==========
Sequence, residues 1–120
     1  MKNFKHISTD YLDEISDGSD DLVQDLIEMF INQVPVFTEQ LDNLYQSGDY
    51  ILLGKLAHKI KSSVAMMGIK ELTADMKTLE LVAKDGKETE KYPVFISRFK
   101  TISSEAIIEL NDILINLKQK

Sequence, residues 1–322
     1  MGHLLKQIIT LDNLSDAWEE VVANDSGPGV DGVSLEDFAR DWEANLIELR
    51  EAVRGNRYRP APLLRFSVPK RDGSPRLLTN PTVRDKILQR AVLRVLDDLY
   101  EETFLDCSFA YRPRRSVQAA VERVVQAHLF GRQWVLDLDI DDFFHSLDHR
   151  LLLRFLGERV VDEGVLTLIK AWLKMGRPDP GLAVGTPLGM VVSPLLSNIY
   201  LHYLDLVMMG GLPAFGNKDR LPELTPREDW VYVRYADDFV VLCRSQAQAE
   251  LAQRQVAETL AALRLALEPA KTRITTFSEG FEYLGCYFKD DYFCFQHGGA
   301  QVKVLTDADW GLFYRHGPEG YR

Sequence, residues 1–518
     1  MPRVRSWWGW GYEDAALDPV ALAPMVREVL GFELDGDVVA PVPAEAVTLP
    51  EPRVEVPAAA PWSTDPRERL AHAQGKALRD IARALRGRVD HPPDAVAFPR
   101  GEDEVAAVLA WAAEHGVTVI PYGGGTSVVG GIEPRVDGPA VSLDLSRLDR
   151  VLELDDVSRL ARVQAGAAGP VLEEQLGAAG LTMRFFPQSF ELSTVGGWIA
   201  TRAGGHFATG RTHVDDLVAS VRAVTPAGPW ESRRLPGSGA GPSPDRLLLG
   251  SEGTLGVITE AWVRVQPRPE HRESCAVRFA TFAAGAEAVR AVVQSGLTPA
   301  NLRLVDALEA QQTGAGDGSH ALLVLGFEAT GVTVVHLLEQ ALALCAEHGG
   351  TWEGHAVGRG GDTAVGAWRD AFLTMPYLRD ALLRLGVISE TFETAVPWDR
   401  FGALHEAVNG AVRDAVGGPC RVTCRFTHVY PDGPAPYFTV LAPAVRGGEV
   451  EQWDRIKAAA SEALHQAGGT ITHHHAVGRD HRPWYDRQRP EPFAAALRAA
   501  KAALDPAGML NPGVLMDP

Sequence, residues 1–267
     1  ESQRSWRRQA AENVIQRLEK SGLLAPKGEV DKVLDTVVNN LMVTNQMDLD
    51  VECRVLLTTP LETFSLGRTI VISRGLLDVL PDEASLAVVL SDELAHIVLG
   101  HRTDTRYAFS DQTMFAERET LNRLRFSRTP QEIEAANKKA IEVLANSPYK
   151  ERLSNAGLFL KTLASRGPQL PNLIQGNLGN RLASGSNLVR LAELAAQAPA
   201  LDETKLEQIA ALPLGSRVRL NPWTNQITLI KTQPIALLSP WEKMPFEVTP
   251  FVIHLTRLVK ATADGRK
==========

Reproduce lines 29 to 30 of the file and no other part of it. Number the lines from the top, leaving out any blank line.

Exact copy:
   151  ERLSNAGLFL KTLASRGPQL PNLIQGNLGN RLASGSNLVR LAELAAQAPA
   201  LDETKLEQIA ALPLGSRVRL NPWTNQITLI KTQPIALLSP WEKMPFEVTP